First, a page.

While annual MVR checks have long been the accepted best practice to monitor drivers, continuous MVR monitoring offers fleet managers an accurate, up-to-date window on the fleet’s risk profile, helping to cut costs and minimize liability.

Unwillingness to change is definitely a key factor when it comes to taking risks and trying new things. But, just as often, the lack of information is also a factor.

This isn’t surprising. There are tons of moving parts in every fleet operation to keep track of and manage. For example, I’ve been to many different garages and bays and have been amazed at how much gets done in these busy, equipment-filled workspaces. At the same time, however, I can’t help but wonder how much more could get done if the right technology and procedures were in place to make daily tasks even more efficient and lessen the workload all around.

So why perform a once-a-year, manual motor vehicle record (MVR) check for drivers when you could have ongoing, accurate automated notifications on the people who operate those expensive pieces of equipment that you are responsible for overseeing?

What happens if one of your drivers (who had passed the MVR check with flying colors) gets a not-so-minor moving violation the day after the annual MVR check? No one in their right mind would purposely draw attention to any incidents that could jeopardize their job. So then a whole year could go by without ever addressing the actions or behaviors that led that driver to that incident. That’s a whole year without any course correction. And a whole year full of additional opportunities for that driver to make the same mistake or worse, and put who knows how many lives at risk. Not to mention how much damage could be done to company’s bottom line and reputation.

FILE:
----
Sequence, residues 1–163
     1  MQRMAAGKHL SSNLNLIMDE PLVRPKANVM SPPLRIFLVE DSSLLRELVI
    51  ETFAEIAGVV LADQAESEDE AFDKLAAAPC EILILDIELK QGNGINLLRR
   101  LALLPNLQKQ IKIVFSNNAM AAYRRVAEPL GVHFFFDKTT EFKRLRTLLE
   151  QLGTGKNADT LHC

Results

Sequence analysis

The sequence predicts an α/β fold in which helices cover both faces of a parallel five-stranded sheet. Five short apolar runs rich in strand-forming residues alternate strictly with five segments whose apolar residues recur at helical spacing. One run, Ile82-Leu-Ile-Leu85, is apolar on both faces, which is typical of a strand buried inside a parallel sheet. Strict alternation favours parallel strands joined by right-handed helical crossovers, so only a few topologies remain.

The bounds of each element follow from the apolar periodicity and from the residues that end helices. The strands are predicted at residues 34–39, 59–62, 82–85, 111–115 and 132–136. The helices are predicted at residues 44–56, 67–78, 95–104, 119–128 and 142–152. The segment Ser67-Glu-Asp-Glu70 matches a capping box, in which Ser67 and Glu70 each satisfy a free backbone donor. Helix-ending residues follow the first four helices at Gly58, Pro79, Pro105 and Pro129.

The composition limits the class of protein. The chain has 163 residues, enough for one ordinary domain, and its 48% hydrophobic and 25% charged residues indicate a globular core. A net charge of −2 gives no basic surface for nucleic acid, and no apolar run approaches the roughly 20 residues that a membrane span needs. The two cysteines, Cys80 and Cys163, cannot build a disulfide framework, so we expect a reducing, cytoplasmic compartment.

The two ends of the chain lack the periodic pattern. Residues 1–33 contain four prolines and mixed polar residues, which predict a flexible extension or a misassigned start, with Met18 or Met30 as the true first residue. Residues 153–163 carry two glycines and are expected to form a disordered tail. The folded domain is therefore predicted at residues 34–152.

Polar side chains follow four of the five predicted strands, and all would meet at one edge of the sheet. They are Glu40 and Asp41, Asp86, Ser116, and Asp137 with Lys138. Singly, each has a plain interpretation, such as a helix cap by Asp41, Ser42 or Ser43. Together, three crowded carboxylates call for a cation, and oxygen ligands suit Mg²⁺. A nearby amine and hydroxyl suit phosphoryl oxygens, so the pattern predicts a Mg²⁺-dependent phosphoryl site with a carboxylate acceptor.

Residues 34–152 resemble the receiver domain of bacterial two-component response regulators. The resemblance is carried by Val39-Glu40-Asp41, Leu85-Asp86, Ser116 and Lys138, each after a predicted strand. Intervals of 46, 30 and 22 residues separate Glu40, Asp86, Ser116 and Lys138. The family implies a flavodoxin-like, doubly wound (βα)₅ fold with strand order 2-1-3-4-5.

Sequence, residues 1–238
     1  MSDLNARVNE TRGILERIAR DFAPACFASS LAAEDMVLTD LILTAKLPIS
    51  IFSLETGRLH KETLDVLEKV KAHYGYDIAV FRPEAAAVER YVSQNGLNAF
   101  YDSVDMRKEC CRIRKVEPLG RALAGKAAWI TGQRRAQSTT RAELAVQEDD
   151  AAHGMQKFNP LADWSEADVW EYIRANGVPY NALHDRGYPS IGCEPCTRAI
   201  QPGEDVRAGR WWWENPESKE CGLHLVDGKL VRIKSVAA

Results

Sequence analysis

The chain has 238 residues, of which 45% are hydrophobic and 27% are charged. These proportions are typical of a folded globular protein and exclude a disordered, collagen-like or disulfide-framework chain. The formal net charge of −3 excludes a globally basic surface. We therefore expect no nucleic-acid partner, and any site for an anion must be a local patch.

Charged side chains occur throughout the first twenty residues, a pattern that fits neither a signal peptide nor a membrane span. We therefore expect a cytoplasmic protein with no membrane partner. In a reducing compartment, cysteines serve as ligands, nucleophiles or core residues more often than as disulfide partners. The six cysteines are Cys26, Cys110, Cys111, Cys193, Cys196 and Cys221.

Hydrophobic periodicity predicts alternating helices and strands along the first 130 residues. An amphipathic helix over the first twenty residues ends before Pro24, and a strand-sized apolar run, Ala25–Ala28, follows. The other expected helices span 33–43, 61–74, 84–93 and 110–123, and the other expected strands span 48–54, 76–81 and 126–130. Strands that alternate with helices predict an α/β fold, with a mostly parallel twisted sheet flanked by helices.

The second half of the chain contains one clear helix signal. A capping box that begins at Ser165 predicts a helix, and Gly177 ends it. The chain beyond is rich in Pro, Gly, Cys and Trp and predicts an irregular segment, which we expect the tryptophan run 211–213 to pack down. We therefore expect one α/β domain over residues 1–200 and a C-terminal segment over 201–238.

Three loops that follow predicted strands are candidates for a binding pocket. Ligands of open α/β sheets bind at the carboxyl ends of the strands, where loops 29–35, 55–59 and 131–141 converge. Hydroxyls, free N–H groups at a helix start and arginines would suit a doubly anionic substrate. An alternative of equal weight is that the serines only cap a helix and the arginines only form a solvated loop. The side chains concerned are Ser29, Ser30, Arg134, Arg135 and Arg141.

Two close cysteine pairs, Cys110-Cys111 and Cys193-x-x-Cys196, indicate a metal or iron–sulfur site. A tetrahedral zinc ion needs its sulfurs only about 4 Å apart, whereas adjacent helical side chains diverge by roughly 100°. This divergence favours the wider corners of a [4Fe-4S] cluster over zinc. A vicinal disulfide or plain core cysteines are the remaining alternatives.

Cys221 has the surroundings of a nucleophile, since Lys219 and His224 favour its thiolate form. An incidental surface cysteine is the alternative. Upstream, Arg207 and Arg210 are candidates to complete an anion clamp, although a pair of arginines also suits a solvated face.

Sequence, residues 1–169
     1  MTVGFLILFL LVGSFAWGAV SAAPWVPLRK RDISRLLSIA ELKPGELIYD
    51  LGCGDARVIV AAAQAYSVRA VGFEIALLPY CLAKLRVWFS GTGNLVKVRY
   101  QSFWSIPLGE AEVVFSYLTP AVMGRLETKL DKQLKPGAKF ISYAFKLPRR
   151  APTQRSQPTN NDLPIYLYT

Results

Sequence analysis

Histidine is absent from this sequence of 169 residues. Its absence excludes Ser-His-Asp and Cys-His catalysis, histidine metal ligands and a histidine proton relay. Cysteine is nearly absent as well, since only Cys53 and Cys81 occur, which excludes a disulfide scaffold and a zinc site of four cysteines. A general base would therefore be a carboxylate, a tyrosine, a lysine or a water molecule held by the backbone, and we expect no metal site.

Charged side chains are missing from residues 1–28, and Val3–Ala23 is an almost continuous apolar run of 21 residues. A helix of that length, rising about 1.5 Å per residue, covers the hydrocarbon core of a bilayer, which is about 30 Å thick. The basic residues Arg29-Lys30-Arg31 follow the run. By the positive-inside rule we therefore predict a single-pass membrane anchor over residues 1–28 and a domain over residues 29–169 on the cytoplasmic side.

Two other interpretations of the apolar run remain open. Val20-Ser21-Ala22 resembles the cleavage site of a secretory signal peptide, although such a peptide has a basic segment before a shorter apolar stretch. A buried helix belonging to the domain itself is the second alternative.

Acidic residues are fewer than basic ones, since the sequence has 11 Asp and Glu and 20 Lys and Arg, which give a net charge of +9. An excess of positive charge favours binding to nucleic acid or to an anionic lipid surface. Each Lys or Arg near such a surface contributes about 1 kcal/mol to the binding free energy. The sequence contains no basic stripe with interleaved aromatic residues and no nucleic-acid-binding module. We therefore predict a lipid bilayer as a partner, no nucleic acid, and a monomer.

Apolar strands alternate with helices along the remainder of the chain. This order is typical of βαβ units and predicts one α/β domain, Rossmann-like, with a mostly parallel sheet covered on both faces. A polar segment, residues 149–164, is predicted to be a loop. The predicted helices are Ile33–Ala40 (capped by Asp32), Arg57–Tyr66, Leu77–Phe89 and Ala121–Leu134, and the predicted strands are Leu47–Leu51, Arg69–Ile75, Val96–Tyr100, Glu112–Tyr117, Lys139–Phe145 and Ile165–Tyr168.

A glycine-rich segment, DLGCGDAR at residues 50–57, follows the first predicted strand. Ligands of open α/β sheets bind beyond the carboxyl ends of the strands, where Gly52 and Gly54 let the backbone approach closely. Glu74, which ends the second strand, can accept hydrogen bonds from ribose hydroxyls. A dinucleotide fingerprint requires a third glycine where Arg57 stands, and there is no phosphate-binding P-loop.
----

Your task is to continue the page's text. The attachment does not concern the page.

Comparing Costs

According to the Network of Employers for Traffic Safety (NETS), the average cost of a car crash where no injuries are involved is more than $5,800. A non-fatal injury crash is more than $64,000, and in the worst-case scenario involving a fatality, that could cost a company more than $671,000. And that’s just one crash. Count the total number of vehicles in your fleet and the possibility of every one of those being a potential hazard. That’s a lot of money on the line.

So then what’s the solution? The ability to constantly track your fleet drivers and their driving patterns. Being able to pull aside those “risky drivers” who may need more coaching and guidance than others — or maybe even, in some cases, should be kept from behind the wheel altogether— as soon as they start to pose some risk instead of a year later with an annual MVR check. In other words, a continuous monitoring system that would not only help minimize, but potentially even prevent these avoidable accidents.

Think it’s out of your fleet budget? The average cost of continuous monitoring is $15 per year per driver. So if you had a fleet of 1,000 vehicles, it would cost $15,000 a year to cover the cost of monitoring them on a continual basis. That’s less than what three “bent-metal” crashes would cost, and, more important, help lessen the possibility of serious and costly liability.

Do Your Homework

When it comes down to it, you have to take a step back and look at your current operations. Have there been accidents that could have been prevented had you been more aware of a driver’s behavior? Have there been drivers who have been in crashes more than once in a 12-month period? How soon after the crashes were you aware that they had happened?

The job of a fleet manager often involves putting out fires every day. Again, there’s a lot to keep track of. At the end of the day, the assets that you manage are your top priority. And anyone or anything that puts those assets and your control over those assets at risk should be handled immediately and appropriately. There’s no reason to wait a year to discover those people or things that pose hazards to your fleet.

Make your life and your valuable staff’s lives a little simpler. Just ask one of your peers who have started using continuous monitoring programs about what it’s done for them, their drivers, and the company’s bottom line. There are a number of testimonials from fleets just like yours.

The State of Driver Monitoring